Real & Wonderful Stories

Compiled by: Abdurahim bin Mizhir Almalki

Andew W. Smith

     I was born in a small town in Missouri and was raised a a Baptist, which is still my parent’s faith. What I will say here must not be misconstrued as racist in any way: I am a white Muslim. The reason I wish to state that I am a white Muslim is to dispel the prejudice against Islam that says it only appeals to African-Americans in the United States. Islam was, is, and ever will be for all people; and I am proof that it appeals to white Americans as well as others.

     Although I had a relatively happy and stable childhood, I began to question my parents’ faith almost a soon as I was able to think for myself. This was not just childish rebellion, but a sincere questioning heart that wanted to know more about God. My parents had inherited their faith from their parents, and they were unable to answer any of the questions I brought up, even though they were very devout in their religion. The thing I questioned most was the idea of trinity – it just did not make sense. There was always ambivalent confusion about who or what I was praying to, even when I tried to understand it. There eventually arose many other unanswerable questions, but the problem of trinity – a doctrine not found in the Christian Bible – was the greatest one.

     I grew up in the early 1960’s when the youth were questioning many traditional beliefs, and I was launched into a maelstrom of old and new religions in my quest for the best approach to God. I was attracted to the (traditional, pre-Vatican II) Roman Catholic Church because it seemed to have the most consistent doctrine and, after all, it was the church that first originated the trinity doctrine. About midway through the 1960’s, however, the Catholic Church changed drastically and become more like the Protestantism that I disliked and distrusted. The so-called “eternal” aspects of Catholicism had been compromised for a religion more appealing to the people. I then turned toward Eastern philosophy and religions to try to find some lasting truth.

     During my search into world religions, I came across Islam. Although I liked it immensely, I felt that it was not for Westerners. It seemed to be the answer to the trinity problem, but it had elements of Judaism and Christianity which I had rejected. Nonetheless, I was attracted to it and continued to study it. When I was drafted and sent to Vietnam in 1968, I took with me a New Testament and a Pickthall translation of the Qur’an. In between battles on a hill south of Chu Lai, South Vietnam, where I was stationed, I read them both. At some point I decided that the Qur’an held more truth, and I pledged to Allah that I would serve Him upon my return to the US, if I returned at all. There in the middle of the Vietnam War, I silently took shahdah, although I scarcely understood what it meant at the time.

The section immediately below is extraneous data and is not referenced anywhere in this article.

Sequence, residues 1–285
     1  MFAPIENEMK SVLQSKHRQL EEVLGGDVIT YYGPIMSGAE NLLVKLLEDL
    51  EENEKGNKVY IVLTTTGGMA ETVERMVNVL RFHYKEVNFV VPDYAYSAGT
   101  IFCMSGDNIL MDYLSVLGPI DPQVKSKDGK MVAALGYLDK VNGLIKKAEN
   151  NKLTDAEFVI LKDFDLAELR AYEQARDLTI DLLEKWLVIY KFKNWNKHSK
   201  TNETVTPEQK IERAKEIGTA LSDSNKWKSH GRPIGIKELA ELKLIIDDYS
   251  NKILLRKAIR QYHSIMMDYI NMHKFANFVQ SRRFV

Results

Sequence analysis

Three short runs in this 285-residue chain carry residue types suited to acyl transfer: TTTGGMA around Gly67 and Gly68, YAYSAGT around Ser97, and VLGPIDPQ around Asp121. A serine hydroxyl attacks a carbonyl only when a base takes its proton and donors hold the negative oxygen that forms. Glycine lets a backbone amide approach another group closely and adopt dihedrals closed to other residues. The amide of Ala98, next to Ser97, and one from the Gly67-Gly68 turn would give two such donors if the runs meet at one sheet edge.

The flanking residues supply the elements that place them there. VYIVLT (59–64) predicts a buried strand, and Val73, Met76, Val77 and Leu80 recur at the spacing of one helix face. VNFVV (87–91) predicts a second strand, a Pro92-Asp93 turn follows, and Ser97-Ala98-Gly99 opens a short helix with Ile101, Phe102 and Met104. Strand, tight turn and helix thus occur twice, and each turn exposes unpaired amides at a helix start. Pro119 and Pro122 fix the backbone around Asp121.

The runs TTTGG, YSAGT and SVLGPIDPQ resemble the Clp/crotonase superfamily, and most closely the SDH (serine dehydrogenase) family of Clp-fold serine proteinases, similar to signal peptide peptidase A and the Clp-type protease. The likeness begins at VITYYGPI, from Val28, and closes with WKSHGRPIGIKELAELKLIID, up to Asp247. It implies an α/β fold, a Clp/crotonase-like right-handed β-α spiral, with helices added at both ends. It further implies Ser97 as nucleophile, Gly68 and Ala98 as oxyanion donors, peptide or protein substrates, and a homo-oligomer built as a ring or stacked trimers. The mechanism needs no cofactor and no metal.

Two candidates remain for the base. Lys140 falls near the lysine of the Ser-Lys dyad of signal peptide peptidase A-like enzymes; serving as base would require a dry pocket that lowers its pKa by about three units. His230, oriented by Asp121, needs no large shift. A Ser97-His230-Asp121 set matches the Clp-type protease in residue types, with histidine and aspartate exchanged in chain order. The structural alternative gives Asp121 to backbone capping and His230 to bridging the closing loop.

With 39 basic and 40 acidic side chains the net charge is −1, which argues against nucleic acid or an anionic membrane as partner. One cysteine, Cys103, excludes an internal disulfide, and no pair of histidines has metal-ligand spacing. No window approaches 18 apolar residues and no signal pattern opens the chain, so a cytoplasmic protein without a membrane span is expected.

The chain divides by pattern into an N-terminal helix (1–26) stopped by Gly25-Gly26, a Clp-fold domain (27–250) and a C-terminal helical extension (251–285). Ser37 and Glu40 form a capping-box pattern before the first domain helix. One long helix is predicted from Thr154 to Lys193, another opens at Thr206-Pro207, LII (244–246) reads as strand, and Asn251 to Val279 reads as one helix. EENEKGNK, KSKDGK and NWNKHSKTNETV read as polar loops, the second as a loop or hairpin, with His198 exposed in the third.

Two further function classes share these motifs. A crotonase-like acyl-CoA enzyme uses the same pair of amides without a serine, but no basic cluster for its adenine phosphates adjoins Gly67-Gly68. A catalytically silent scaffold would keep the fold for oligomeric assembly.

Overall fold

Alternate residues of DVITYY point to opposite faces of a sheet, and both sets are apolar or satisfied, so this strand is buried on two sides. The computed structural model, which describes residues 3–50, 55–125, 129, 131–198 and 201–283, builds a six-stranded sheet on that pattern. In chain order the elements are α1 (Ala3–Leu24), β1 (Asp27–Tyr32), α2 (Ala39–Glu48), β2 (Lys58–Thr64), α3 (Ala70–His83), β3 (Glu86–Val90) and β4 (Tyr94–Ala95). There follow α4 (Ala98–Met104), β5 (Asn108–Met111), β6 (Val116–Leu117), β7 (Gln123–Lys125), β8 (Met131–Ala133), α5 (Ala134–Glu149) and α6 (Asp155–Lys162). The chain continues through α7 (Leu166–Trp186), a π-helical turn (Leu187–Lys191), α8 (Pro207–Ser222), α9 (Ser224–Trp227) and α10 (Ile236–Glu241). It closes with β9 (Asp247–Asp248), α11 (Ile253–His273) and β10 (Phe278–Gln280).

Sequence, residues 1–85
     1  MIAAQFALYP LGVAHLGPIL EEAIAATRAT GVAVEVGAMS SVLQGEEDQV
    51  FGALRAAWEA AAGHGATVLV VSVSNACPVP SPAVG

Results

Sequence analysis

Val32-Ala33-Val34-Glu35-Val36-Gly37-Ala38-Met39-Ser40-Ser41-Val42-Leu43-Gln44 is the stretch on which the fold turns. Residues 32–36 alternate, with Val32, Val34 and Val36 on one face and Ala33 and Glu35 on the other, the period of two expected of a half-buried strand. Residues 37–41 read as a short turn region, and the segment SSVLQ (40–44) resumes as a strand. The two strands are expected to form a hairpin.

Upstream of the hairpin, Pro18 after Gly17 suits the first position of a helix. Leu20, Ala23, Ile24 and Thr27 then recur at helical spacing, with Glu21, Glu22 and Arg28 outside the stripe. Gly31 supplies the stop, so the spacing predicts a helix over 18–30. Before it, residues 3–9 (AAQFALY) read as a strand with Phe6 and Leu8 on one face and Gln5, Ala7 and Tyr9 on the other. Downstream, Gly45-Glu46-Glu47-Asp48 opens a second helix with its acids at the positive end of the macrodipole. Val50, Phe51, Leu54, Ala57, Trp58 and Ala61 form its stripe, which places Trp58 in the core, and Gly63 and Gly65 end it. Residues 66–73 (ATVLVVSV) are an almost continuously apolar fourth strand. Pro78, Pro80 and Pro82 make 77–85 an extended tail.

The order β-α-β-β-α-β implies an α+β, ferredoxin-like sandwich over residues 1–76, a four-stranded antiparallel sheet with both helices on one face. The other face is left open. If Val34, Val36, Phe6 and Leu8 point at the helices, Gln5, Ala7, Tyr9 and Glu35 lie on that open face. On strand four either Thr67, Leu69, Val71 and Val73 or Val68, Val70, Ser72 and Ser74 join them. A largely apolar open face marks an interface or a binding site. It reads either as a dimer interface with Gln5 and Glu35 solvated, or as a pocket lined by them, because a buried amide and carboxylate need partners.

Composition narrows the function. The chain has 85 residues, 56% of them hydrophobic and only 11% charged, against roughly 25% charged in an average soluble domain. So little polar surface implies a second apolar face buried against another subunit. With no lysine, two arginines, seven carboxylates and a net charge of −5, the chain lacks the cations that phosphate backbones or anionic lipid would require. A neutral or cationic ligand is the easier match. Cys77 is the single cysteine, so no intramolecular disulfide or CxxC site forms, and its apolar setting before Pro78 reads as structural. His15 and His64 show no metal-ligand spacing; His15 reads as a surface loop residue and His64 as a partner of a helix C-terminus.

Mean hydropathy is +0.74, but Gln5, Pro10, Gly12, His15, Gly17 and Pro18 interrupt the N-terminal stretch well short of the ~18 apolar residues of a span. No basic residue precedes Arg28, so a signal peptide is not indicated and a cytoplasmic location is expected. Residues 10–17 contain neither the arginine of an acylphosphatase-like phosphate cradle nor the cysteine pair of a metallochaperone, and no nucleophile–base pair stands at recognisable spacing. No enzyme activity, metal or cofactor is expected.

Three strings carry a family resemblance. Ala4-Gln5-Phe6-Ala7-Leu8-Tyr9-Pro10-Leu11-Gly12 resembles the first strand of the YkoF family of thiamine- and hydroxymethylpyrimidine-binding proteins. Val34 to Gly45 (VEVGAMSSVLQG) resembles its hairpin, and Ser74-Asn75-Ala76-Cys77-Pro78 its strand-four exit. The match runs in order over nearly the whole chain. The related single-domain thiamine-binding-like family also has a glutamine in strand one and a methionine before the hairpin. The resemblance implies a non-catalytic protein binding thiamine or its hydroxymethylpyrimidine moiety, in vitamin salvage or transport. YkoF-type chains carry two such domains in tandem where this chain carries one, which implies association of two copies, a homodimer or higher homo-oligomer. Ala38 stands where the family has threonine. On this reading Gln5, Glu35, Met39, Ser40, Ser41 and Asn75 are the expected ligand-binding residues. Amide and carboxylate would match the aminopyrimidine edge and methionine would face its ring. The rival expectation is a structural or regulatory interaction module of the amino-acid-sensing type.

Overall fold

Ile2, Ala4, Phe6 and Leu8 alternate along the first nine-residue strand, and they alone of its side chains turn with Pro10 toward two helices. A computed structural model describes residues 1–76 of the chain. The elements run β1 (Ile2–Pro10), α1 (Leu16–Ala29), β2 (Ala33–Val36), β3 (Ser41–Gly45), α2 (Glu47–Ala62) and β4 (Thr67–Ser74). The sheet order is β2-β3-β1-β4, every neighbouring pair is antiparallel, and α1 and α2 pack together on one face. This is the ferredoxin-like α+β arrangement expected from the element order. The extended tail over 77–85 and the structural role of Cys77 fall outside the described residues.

I continued to be a Muslim from then on, but I returned from Vietnam a mental wreck. Islam was always at the back of my mind, but trying to stay sane, work, and pursue the pleasure of life were foremost in my life. Having no idea how to be a Muslim in a small town in Missouri, I left it to take a back seat to my other concerns; and I began to “dabble” with other religions again. Many people who grew up in the 1960’s could tell you almost the same story about their spiritual quest. Brother Yusuf Islam (Cat Stevens) is one who has told his story repeatedly for the edification of the ummah.

     I married a Christian girl in 1969, and both tried over the next twenty years to find some sort of stability in religion by going to various churches and joining a few. But I had made a solemn pledge to Allah in Vietnam, and I continually felt the need to try to practice Islam all throughout this time. In 1973, about a year after the birth of my first daughter, I registered with the Islamic Center in Washington, D.C. with the name Al-Hallaj Kabir. But I still didn’t know how to practice Islam. As I said, I continued to try, along with my wife, to be a Christian of some kind, but I always ran into the same questions I had as a child.